Finding the center of a circle on the other hand wasn't quite as intuitive to me, and until doing some searching of my own, I didn't know that there was a simple and easy trick. Time to share.

Similar circle finding Instructables can be found here:

http://www.instructables.com/id/Find_the_Center_of_a_Circle

http://www.instructables.com/id/How-to-Find-the-Center-of-a-Circle

**Signing Up**

## Step 1: Draw some chords

They are easy to draw...simply take a ruler, place it down on the edge of your circle so that it crosses the outer edge in two places, and use a pencil to mark a line. You've just created a chord.

Technically to find the center of a circle you only need one perfectly drawn chord but since people aren't machines and there's some user error in the process, draw a couple so that you can average the results.

I've drawn five chords near the perimeter of the circle in the photo below. Disregard the lines pointing in towards for the center for the time being.

## Step 2: Mark the centers and draw a perpendicular line

Mark that point.

Then, using a square, draw a line that is exactly 90 degrees to the chord pointing towards the center of your circle. Make it a little longer then where you think the center of the circle resides.

Do this for all of your chords.

## Step 3: The center is the point where they intersect

This means that the system works...ain't geometry cool?

Check this video out

http://www.youtube.com/watch?v=YOJbWo41gU0

And must be done with a compass. Using a rule introduces some error, unless you have excellent tools, you are excellent drawings lines... Although compasses are usefull on paper, using with an already cut circle can be hard to set the compas in a border. Anyway in my opinion, using the compass still is more accurate than using a rule.

But really any method is valid if you accomplish your goal. :)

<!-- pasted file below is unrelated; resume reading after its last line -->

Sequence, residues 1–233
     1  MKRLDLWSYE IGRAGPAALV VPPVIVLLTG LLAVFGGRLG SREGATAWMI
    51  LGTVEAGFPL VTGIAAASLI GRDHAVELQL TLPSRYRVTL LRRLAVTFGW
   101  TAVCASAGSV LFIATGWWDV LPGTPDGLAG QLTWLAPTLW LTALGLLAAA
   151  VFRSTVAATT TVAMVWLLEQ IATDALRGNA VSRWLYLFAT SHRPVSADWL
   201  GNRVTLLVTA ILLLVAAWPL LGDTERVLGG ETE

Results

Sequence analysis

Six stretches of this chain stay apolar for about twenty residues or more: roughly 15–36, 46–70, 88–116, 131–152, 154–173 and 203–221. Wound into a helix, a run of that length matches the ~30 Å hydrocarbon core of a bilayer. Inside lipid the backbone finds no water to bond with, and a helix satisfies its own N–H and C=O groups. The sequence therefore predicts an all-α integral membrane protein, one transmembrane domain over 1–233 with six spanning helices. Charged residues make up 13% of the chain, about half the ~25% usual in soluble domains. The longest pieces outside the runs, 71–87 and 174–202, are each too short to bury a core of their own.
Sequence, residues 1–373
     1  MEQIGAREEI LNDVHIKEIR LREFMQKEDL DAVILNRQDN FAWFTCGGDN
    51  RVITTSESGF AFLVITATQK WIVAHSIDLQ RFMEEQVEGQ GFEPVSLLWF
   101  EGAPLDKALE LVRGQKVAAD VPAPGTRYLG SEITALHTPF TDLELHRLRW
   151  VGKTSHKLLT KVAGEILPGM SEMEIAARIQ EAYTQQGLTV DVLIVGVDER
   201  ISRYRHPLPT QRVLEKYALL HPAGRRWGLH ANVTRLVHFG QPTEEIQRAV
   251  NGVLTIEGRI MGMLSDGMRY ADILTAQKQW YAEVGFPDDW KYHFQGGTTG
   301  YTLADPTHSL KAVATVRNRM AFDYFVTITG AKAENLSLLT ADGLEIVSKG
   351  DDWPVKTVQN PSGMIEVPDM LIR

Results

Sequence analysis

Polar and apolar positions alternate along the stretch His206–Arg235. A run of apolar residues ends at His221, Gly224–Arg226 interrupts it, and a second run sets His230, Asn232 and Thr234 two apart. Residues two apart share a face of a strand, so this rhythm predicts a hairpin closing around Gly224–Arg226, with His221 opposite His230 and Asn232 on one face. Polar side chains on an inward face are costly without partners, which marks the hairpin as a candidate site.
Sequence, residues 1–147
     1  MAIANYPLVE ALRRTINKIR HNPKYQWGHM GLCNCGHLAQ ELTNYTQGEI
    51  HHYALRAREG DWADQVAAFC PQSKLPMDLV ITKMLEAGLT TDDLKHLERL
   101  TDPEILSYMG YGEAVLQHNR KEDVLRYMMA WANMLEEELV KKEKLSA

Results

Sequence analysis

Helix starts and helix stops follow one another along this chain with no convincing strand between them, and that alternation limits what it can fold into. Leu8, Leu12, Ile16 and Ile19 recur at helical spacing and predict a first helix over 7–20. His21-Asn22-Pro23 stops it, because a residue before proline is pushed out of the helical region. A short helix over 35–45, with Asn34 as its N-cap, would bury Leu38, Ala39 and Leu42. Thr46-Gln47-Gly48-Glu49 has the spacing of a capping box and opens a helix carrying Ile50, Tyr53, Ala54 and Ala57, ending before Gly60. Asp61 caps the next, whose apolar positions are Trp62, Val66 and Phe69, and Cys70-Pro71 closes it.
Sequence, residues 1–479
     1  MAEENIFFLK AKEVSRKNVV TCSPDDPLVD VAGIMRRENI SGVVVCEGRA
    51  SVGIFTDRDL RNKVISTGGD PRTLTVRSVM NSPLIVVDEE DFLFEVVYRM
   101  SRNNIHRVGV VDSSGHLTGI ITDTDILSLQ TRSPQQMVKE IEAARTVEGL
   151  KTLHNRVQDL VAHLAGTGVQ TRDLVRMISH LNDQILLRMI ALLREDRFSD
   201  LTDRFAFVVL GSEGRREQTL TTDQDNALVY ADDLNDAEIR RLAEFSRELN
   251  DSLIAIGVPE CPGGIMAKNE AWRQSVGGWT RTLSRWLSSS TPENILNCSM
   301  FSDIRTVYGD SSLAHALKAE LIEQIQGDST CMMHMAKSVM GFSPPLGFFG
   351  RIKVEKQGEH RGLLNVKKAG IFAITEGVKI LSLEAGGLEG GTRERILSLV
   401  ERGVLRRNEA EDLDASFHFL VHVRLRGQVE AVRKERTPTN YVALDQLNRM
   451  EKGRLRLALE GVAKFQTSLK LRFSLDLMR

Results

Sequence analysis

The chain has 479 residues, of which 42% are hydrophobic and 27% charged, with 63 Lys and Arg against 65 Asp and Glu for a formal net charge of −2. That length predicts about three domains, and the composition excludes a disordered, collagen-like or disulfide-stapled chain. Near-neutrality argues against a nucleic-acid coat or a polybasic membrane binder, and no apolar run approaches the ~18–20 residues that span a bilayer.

1. Set ruler down across circle at any point.

2.Trace both sides of ruler onto circle.

3.Measure each of the two lines and mark their centers.

4.Use ruler to connect these two marks and extend to edges of circle.

5.Measure that lines center point and you have found your center!

Its a fast method that should get you at least as close to the absolute center as the method shown here and only requires a ruler and pencil.

Cheers.

Take a square, align the outside of the rectangle with any point inside the circle. Mark down on the circle, the two points where the sides of the square intersect the circle. Draw a line connecting these two points. You have just traced a diameter.

Repeat the process in a diferent location and get another diameter. Where the two diameters intersect, there is the center

No compass, no measurents, no duvisions. Just a (90 degrees) square.

"

Life is pointless, without geometry."Note: You will get better results if you use a compass to find the midpoints.

Or perhaps we should slam on people who write I'bles about using pre-existing Windows facilities, like streaming audio, since they are already clearly documented, so who needs yet another set of instructions? I don't subscribe to that point of view.

XD

But hey we have been doing "it" for a while.

XD

Just because we've got one of something of already doesn't mean that we can't have some more does it?

I don't have a brain scan or anything to prove this, but I bet that I store my knowledge of woodworking skills in a pretty different place than I store Barbara Heally, my 10th grade math teachers geometry lessons...ugh, that woman still give me the shivers...Barbara - if you're out there - screw you!